Mendocino County Today: Saturday, Mar 19, 2016
by AVA News Service, March 19, 2016
Deputy Del Fiorentino
WHATEVER YOU'RE DOING TOMORROW, take a moment to remember that it was two years ago Saturday that Deputy Sheriff Ricky Del Fiorentino was shot and killed by a rampaging Oregon tweaker.
DEL FIORENTINO'S killer was himself soon shot and killed by Lt. John Naulty of the Fort Bragg Police Department, backed up by Fort Bragg's then-police chief, Scott Mayberry. These two men, without regard for their own safety, walked into an unknown and fluid situation to confront a man, or maybe more than one man for all they knew, who had just shot and killed Deputy Del Fiorentino.
A CONSENSUS good guy, Del Fiorentino, was lost to his family and friends and the people of the Mendocino Coast. Incredibly, the City of Fort Bragg also soon lost Naulty and Mayberry to the petty desire of the town's management to install yes-people at its power levers.
Scott Mayberry & John Naulty
NAULTY was denied the chief's position he'd earned not only from years of unblemished police work but for his heroism in stopping a mad dog killer on the outskirts of town. Mayberry, the second native son humiliated by Fort Bragg's city government, was also driven from his job for no stated reason at all, probably because management knew if they even tried to explain themselves their petty vindictiveness would be revealed for all to see.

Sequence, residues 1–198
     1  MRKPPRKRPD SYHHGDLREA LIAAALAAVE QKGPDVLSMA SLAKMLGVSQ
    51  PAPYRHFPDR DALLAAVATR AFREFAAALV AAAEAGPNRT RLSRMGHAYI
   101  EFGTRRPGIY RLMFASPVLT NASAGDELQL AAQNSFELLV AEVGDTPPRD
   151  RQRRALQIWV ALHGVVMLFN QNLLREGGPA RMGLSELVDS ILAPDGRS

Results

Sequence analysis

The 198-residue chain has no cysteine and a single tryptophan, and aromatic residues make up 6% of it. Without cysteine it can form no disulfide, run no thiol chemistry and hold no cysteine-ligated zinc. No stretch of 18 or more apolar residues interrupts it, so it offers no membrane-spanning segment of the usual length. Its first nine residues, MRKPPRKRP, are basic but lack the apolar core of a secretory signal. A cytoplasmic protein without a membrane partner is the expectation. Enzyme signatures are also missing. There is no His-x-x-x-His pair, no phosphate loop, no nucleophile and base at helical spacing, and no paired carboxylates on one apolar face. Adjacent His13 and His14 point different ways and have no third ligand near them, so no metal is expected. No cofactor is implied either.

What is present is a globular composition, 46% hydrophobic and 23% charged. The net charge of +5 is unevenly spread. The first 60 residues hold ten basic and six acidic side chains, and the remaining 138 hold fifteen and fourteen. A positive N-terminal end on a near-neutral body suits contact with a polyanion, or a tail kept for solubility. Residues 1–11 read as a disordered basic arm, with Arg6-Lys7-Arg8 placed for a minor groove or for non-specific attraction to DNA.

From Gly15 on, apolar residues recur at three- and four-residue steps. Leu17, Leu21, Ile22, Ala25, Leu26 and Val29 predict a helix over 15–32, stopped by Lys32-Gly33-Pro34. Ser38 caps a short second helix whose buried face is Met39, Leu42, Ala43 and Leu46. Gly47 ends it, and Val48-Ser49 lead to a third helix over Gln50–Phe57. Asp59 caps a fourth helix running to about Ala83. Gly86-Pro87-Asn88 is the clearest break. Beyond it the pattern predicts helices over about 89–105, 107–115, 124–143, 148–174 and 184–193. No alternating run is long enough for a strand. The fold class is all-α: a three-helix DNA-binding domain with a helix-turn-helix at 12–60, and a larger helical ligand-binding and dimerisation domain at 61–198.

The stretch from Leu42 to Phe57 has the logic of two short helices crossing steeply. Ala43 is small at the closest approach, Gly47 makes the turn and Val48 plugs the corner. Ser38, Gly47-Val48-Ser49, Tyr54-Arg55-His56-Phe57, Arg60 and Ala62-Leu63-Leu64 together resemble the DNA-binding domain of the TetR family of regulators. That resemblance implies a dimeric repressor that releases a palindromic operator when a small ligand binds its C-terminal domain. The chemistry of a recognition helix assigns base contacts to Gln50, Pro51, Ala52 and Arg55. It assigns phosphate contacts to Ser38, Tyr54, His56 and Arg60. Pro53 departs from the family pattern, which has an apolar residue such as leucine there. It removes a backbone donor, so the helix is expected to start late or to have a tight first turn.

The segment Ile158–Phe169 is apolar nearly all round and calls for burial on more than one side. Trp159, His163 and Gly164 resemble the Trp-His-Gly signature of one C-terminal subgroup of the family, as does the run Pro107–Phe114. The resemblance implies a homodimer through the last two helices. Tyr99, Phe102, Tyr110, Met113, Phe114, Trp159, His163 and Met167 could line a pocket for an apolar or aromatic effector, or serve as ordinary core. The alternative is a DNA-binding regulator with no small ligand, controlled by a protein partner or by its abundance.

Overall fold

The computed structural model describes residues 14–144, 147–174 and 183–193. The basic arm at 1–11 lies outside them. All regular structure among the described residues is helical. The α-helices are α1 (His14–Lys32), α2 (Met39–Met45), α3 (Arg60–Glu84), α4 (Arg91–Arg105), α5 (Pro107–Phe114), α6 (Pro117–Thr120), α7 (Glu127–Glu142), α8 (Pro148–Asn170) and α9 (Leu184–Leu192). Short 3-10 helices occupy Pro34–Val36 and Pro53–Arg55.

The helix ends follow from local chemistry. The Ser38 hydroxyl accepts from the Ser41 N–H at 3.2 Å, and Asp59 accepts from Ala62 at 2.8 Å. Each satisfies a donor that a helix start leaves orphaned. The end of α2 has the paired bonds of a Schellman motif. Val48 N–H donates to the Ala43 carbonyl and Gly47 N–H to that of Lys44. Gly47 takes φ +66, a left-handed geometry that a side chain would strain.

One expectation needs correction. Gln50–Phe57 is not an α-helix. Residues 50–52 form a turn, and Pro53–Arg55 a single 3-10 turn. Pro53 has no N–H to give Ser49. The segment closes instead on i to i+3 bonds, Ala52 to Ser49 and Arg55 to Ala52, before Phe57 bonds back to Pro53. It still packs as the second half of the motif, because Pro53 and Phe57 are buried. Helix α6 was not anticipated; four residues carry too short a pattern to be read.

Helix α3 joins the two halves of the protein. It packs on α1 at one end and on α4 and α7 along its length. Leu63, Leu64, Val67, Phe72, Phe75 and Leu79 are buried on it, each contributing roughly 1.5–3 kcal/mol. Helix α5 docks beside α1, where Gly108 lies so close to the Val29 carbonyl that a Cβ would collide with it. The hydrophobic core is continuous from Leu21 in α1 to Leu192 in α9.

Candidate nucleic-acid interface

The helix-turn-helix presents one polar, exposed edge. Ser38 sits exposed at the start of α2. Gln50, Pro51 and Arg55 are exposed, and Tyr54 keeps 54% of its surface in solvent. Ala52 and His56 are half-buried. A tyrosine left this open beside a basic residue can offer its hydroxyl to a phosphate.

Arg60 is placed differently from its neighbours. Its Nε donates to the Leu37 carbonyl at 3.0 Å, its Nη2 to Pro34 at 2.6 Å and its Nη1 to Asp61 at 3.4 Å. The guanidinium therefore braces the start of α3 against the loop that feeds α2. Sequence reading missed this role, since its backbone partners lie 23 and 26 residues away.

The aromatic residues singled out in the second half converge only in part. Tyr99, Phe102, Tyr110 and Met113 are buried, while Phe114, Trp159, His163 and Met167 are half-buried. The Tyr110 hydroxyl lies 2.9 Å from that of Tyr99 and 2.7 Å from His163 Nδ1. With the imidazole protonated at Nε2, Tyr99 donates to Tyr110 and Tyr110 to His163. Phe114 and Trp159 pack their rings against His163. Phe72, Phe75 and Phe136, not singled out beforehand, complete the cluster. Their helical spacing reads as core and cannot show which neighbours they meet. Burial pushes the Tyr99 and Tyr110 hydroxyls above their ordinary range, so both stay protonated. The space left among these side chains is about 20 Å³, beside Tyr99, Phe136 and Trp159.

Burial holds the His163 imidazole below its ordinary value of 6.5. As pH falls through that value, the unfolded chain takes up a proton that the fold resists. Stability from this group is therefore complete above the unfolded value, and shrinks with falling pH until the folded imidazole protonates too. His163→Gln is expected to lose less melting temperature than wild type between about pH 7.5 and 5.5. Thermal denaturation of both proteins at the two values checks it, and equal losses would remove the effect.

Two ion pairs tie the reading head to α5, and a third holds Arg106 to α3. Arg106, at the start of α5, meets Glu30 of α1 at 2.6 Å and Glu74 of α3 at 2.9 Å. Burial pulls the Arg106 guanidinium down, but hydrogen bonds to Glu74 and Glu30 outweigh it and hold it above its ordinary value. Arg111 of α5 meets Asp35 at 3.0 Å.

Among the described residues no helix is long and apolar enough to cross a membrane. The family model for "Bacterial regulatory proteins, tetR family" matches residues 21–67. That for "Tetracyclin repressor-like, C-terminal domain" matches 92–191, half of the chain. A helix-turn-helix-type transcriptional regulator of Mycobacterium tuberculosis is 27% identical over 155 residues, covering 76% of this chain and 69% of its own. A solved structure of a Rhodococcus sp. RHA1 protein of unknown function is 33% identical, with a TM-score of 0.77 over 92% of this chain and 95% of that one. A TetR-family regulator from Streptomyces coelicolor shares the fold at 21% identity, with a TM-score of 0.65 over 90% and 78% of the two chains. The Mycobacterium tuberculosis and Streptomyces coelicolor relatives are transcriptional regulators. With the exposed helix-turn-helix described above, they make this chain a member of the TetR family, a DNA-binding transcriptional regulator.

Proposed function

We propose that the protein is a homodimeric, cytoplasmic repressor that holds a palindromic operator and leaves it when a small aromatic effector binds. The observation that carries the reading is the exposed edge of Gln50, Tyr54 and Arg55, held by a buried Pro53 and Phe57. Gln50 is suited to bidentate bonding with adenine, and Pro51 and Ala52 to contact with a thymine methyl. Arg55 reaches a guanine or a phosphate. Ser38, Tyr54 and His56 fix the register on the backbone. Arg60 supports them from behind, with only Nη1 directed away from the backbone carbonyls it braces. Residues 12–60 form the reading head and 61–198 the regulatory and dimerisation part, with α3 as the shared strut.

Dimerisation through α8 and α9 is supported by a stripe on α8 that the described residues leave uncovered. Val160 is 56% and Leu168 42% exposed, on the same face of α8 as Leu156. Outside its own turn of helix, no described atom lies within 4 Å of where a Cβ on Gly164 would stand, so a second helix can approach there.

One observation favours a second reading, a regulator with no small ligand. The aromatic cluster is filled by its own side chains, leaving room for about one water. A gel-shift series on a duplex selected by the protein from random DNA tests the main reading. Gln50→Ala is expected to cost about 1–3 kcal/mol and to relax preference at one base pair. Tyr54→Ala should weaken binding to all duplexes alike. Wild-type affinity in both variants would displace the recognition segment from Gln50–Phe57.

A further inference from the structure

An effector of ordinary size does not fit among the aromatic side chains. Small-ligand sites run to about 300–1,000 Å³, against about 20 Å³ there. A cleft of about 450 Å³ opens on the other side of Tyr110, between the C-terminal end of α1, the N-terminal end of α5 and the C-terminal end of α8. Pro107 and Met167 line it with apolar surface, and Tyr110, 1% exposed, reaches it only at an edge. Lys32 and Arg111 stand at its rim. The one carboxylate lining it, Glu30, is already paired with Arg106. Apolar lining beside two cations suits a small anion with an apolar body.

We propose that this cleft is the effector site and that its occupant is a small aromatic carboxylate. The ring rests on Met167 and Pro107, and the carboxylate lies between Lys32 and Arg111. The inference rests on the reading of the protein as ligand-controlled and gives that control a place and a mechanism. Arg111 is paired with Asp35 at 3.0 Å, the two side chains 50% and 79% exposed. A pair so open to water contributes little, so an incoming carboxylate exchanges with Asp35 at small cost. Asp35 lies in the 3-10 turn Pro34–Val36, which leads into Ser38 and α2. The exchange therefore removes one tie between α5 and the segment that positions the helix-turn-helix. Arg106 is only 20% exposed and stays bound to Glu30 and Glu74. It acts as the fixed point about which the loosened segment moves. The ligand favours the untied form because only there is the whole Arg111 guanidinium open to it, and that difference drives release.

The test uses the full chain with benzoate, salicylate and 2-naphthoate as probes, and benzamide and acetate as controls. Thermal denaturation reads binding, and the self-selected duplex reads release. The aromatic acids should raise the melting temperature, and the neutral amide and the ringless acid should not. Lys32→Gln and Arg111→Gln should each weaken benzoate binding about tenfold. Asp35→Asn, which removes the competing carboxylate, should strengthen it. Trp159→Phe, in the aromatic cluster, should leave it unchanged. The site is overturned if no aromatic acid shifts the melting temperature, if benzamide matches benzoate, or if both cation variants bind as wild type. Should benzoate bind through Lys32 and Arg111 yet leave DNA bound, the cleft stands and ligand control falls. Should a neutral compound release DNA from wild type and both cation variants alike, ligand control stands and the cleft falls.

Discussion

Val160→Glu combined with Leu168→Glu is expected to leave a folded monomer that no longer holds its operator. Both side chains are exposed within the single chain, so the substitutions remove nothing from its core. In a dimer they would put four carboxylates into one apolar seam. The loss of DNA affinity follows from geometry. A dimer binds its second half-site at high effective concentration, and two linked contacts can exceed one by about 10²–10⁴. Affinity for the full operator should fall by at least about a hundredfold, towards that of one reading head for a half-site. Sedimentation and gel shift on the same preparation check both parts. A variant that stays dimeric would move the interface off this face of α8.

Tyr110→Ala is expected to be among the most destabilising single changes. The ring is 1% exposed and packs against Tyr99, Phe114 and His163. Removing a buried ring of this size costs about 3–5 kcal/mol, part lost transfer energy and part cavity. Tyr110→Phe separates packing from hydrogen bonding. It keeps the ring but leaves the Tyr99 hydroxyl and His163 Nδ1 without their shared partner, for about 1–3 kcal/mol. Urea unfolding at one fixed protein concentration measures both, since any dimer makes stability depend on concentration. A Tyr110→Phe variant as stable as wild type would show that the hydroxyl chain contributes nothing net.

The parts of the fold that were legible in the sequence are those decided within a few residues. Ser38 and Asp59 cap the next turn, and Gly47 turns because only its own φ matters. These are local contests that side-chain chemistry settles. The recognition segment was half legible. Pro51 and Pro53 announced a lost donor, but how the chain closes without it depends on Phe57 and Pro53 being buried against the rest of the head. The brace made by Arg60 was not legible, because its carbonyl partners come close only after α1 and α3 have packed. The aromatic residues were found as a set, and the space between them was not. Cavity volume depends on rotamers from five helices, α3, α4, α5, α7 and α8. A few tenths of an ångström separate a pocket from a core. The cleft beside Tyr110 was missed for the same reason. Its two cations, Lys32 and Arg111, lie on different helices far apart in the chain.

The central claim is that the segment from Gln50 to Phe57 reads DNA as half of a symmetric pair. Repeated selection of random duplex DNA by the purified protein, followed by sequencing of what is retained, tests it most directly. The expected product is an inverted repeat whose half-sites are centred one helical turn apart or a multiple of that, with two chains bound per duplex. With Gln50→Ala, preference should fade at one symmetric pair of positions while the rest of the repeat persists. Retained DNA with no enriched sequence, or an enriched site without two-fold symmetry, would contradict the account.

THE NAULTY-MAYBERRY AFFAIR is just one of many arrogant, costly, arbitrary moves by Fort Bragg that has estranged a large part of the town's population. Deputy Del Fiorentino, a man without a petty bone in his body, would not approve.
DOUG GHERKIN is “Chief Financial Officer” for Mendo’s Health and Human Services Agency. Until recently, before Stacey Cryer announced her resignation as HHSA Director, Ms. Cryer dealt with Supervisors' questions about HHSA finances — albeit with a heavy dose of obfuscation, buzzwords and ill-defined terms that carefully avoided committing her Department to anything. The Supervisors, usually just as lame as Ms. Cryer, typically asked similarly vague questions which Ms. Cryer blathered in response to and then everything went back to non-business as usual.
AT THIS POINT it’s necessary to repeat our nearly monthly call for regular departmental reporting. As we’ve suggested time and time again, the Board could easily avoid such vague questions and answers by simply requiring each department to provide a monthly status report on staffing, budgets, projects, cost drivers and problems — i.e., actually operate and manage like every other large organization in the civilized world. But they don’t. So things always muddle along and nobody’s accountable for anything and the Board is often surprised by thing that they should have been tracking all along.
ANYWAY, back to Doug Gherkin.
Last week (Monday, March 14) during the Board’s budget review Supervisors John McCowen and Dan Gjerde tried to clarify the Mental Health budget numbers. Gjerde simply asked how many employees are in Mental Health. Alan ‘The Kid’ Flora, Mendo’s budget maven, didn’t know so he suggested “someone from the agency” answer that question. Since there was no Ms. Cryer, up came Doug Gherkin.